In June, Swiss Re and ReAssure's other shareholder MS&AD announced a price range of between 280 pence per share and 330 pence per share for the IPO, which would have given the company a market cap of up to £3.3 billion (around $4.13 billion).
The Zurich-based giant has also maintained plans to reduce its stake from 75% to less than 50% and is leaving the door open for a listing in the future. ReAssure, which specializes in closed books of business, reportedly has £68.7 billion in assets under administration and manages 4.3 million policies.
ReAssure's isn't the only IPO to have suffered the consequences of Brexit. Spanish telecom giant Telefónica reportedly pushed back plans to float its UK unit O2 last year, also on the grounds of weak investor demand. At the time, the business was said to be valued at up to £10 billion.
Aside from the prospect of a no-deal exit from the EU, the spate of disappointing UK listings may have put a damper on investor enthusiasm. The much-hyped public debut of luxury carmaker Aston Martin, which was one of last year's biggest, fell flat as its shares dropped immediately in its first day of trading and have continued on that trajectory since. Fintech business Funding Circle had an equally disastrous IPO and despite having floated at 440 pence per share, each is now worth just 128.2 pence.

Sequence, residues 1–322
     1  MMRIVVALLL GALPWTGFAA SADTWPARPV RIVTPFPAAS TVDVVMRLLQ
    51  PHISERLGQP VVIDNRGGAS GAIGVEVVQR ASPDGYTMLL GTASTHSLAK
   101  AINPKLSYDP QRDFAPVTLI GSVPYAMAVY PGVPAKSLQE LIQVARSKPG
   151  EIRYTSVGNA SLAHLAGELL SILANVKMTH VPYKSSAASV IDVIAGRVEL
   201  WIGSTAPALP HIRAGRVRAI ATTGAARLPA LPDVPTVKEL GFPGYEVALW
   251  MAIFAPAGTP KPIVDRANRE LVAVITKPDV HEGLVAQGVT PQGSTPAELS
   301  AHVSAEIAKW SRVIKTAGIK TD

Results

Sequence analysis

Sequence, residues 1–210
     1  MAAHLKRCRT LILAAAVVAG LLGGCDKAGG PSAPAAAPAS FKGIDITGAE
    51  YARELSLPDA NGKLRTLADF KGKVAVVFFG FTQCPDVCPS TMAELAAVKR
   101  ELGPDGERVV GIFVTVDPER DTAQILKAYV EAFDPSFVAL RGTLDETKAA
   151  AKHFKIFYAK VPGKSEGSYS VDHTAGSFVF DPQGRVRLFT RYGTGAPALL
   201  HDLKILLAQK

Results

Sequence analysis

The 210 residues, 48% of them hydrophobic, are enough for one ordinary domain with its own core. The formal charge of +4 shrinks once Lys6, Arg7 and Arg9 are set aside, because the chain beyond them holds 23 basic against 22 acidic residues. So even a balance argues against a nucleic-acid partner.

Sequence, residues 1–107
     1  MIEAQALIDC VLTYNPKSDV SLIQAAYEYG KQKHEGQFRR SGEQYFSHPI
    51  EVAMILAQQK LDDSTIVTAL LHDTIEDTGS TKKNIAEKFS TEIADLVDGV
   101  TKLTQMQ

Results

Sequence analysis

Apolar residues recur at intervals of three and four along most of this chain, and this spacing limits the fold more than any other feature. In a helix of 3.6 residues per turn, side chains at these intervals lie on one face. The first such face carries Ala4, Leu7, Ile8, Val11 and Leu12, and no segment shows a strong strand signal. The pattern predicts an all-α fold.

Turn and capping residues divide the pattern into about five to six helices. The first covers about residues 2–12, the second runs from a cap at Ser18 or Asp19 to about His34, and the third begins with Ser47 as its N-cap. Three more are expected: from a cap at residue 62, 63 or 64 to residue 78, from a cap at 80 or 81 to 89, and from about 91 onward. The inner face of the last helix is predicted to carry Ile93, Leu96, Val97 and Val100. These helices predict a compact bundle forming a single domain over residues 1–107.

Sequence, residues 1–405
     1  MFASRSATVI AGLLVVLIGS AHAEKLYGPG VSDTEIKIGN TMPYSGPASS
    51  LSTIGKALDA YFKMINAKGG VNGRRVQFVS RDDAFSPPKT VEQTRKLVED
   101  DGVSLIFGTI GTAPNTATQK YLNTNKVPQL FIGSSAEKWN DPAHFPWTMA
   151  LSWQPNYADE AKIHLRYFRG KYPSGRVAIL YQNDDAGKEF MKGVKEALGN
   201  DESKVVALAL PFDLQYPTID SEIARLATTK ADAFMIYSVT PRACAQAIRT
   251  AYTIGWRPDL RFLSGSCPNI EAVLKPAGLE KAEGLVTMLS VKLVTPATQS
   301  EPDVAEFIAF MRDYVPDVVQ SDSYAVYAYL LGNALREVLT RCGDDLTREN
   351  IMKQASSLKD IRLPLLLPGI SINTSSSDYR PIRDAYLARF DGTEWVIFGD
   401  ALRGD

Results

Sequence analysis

While IPOs have been somewhat subdued this year, Network International's April debut, which raised £1.1 billion, and Trainline's listing last month, in which its shares closed up more than 17% on the first trading day, offer optimism for UK businesses looking to go public.
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